Members of the University of Wisconsin-River Falls campus community now have access to a state-of-the-art arena for playing competitive video games, and the Athletic Department has a tremendous advantage in recruiting students when esports becomes its 18th varsity sport in fall 2023.
Esports, also known as competitive gaming or electronic sports, has become popular with students on college campuses across the country. In the fall, UWRF will become the second WIAC member school to add Esports as a varsity sport, following UW-Stout. UWRF officials said, however, that each WIAC campus has Esports in some capacity. Furthermore, at least 170 institutions across the nation have varsity Esports programming.
UWRF Associate Athletics Director for Compliance and Student-Athlete Services Kellen Wells-Mangold said he had become convinced that it was time to add esports as a varsity sports program. The university already had a club esports team, but elevating esports to a varsity sport meant finding a permanent home for the team.
Esports athletes, Wells-Mangold said, “are held to the same standards that everyone else is,” and that meant the university had to find a space for the athletes to train and play.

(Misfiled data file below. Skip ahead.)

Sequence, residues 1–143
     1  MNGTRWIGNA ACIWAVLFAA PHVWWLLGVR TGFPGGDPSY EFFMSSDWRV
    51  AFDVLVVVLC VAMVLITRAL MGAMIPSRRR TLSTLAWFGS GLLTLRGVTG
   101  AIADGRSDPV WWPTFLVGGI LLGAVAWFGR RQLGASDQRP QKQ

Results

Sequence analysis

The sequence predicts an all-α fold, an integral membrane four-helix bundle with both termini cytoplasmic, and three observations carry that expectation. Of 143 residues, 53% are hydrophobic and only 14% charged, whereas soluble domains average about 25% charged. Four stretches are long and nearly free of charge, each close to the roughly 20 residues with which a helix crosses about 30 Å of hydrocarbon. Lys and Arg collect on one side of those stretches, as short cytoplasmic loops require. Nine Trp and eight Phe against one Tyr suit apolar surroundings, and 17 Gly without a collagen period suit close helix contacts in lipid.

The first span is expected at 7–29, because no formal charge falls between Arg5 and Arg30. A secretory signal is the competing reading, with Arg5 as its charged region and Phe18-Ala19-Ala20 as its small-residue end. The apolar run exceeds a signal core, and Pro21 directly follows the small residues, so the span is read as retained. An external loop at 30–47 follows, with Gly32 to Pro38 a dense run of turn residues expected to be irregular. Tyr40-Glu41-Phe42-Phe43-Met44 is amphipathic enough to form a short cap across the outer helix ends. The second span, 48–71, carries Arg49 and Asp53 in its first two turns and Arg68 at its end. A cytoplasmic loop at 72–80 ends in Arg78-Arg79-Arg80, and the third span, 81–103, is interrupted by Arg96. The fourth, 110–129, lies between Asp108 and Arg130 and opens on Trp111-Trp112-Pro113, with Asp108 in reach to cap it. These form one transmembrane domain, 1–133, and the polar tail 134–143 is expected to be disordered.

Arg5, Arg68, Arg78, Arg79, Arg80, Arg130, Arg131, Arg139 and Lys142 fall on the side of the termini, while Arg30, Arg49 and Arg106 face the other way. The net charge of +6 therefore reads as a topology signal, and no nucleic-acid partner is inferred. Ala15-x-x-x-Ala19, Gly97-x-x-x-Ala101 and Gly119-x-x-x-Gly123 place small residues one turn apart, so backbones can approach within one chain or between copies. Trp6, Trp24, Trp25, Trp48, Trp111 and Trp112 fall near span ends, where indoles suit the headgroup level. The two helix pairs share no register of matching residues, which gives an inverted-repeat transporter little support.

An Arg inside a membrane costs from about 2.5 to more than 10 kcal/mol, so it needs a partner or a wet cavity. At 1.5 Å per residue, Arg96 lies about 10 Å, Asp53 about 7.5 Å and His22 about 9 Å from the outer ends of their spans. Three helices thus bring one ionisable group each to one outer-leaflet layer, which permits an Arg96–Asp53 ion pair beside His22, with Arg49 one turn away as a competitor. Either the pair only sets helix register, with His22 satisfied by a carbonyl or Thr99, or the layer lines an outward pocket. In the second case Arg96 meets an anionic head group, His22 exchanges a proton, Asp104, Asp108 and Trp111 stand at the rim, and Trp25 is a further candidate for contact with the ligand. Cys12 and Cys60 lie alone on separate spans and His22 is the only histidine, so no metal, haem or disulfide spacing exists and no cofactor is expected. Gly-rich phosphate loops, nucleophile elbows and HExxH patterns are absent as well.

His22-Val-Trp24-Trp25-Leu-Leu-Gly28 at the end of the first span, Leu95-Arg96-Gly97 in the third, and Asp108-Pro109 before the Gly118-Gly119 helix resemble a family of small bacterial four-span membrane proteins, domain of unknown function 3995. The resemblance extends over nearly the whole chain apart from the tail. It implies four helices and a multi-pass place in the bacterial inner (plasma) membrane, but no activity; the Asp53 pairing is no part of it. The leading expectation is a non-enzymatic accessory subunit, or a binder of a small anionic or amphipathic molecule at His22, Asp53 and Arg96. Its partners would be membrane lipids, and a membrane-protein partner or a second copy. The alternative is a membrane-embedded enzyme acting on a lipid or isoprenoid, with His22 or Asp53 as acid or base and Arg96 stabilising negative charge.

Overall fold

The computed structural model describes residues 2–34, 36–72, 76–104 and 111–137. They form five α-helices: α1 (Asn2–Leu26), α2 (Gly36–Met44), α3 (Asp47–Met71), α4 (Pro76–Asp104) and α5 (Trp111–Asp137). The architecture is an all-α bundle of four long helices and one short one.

“When you think about equity, having a dedicated space would be consistent with what we do for other teams, so why not do it for them?” Wells-Mangold said.
After much discussion on campus and a lot of research, a 26-seat facility with powerful computers and monitors opened in the fall on the first floor of the Chalmer Davee Library. It is used by students, faculty and staff, and the esports club now, but in the fall, it will become home to the Falcon varsity esports team.
“It means everything,” Wells-Mangold said of the new facility. “We needed to make a space unique to our campus with the best equipment for students to compete on. That’s what it takes to attract the best student-athlete.”
Dylan Gentilcore will coach the team.
“He ran arguably the best national championship high school program in the country,” Wells-Mangold said of Gentilcore’s record at Carmel, Indiana, High School.
Gentilcore coached more than 100 student-athletes with more than 20 rosters annually and won more than 40 national and regional championships, including 32 Indiana state championships.
“Having top-notch facilities makes a world of difference to these players,” Gentilcore said. “They are going to feel taken care of and have an amazing experience.”
Gentilcore said recruiting is going well, and he can’t wait for the season to start.